Pope John Paul The Great used to kiss the ground of the tarmac as soon as he deplaned in a foreign nation.
My fellow Americans, I ask you to go outside, brush away whatever snow is on the ground, and gratefully kiss the soil of this great republic.
Because of the opportunities and high standard of living in the good old USA, we should press our lips against the terra firma of our own native land.
I just returned from a trip to India.
It is impossible in this single column to list all the ways in which this burgeoning economic powerhouse differs from the United States. Here are a few.
First of all, the distance between the haves and the have-nots is measured in light years in India. The most impoverished Americans live a lifestyle that might be considered decadent in India.
People of wealth in India avert their eyes from small children wandering around naked in streets where pre-teens consider prostitution as a viable and frequently pursued alternative to starvation.
The poorest neighborhoods of Cleveland do not generate the suffocating sense of hopelessness that surrounds you in the squalid ghettos of Calcutta or Delhi.
Mother Theresa wanted to serve where mankind suffered the most. She chose India.
The infrastructure remains virtually nonexistent.
There is no such thing as trash pickup day. You empty the garbage can in the street or in a field where desperate human scavengers recover shreds of things of infinitesimal value and wandering dogs or monkeys take care of the rest.
Sanitary sewage is dumped into the Ganges River, where millions of poor Indians pick up diseases like cholera and dysentery. The Ganges has religious significance to most of the Indian population but I must tell you that the Cuyahoga River is like Perrier when compared to the disgusting waters of the Ganges.
Electricity is very unreliable, even in the big cities. If you desire electric service, you don't make a phone call to CEI. You pay some kid to shimmy up a telephone pole and splice into the existing power line on your street.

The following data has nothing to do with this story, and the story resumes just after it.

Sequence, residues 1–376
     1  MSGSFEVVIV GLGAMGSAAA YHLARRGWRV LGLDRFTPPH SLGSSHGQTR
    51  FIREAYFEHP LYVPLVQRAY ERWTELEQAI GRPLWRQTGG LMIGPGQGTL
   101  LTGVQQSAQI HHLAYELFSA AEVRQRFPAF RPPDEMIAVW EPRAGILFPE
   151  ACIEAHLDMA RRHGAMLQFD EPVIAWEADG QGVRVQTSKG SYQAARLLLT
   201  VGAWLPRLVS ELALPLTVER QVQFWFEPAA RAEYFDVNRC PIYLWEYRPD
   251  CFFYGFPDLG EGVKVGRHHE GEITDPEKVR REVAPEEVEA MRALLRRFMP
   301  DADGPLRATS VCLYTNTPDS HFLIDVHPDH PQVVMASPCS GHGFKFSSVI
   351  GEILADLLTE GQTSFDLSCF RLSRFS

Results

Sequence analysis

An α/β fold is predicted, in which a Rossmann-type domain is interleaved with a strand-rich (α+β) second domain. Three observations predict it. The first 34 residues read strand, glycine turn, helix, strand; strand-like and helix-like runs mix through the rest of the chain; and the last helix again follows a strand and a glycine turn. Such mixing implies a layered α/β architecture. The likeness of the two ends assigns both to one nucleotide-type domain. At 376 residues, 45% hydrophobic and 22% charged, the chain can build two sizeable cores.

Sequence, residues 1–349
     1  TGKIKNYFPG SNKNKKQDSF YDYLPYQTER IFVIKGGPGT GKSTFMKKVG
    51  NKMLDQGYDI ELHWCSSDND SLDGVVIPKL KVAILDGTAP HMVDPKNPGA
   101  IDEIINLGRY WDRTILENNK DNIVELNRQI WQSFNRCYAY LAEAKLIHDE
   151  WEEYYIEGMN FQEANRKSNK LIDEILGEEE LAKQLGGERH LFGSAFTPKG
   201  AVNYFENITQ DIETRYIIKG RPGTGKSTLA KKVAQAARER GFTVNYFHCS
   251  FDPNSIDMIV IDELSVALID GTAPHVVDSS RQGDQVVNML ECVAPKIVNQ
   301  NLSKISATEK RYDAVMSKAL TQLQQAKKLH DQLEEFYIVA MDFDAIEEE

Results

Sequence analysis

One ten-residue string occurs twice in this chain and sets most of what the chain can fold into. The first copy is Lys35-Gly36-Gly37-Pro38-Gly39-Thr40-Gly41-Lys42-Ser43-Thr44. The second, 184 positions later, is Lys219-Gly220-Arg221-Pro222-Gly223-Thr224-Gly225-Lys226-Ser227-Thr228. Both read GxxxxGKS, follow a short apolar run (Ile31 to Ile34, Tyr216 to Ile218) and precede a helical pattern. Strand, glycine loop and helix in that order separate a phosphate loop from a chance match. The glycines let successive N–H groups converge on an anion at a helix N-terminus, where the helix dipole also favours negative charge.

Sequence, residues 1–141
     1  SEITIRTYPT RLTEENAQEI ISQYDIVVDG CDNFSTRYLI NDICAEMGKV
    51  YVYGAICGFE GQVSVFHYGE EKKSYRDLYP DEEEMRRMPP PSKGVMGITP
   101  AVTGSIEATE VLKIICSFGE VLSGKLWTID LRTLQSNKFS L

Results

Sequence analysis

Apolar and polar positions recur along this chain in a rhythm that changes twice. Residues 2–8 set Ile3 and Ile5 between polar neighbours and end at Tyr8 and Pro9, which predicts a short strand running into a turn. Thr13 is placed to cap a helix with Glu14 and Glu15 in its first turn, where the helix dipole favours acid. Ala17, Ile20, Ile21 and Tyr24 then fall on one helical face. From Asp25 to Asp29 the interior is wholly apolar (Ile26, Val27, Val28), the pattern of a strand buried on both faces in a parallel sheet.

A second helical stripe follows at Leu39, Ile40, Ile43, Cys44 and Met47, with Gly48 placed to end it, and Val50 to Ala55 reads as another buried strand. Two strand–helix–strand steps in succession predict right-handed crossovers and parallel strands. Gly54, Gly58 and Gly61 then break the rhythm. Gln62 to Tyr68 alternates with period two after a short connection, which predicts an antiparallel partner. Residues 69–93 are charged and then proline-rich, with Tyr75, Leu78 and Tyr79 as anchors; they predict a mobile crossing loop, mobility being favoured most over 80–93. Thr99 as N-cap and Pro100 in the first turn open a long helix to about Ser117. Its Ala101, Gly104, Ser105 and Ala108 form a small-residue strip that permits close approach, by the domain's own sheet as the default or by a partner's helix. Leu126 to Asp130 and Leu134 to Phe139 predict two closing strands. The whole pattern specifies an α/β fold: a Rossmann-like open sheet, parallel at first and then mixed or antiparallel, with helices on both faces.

That's the way everybody gets electrical service. You never have a bill.
Hot water? Maybe. But don't count on it. No luxurious showers. Just get used to it.
Despite all of these problems, the Indian financial sector is growing even faster than its population. And that's saying something, considering that this nation of 1 billion people produces a new child every second and will soon surpass China in total population.
The economy is growing at a brisk pace because reliable Indian laborers will work long hours at a very inexpensive rate.
It's funny how abject poverty will motivate you to toil diligently on behalf of an American computer company that has outsourced its customer service center to India.
Hopefully the standard of living for all citizens of India will improve as their economy continues to grow. And I hate to see this expansion occur at the cost of American jobs.
Mahatma Gandhi led a peaceful revolt that forced the British to allow Indian citizens to govern themselves.
It's now time for the Indian government to harness the economic growth to lift its citizens so that everyone can live in dignity with decent housing, nutrition, health care, and freedom from exploitation.
In the meantime, we as Americans should realize what we have and thank Almighty God for the blessings we take for granted everyday.
So brush away that snow and give a kiss to this great land.
The land of the untouchables has shown me that we live in a fantastic country.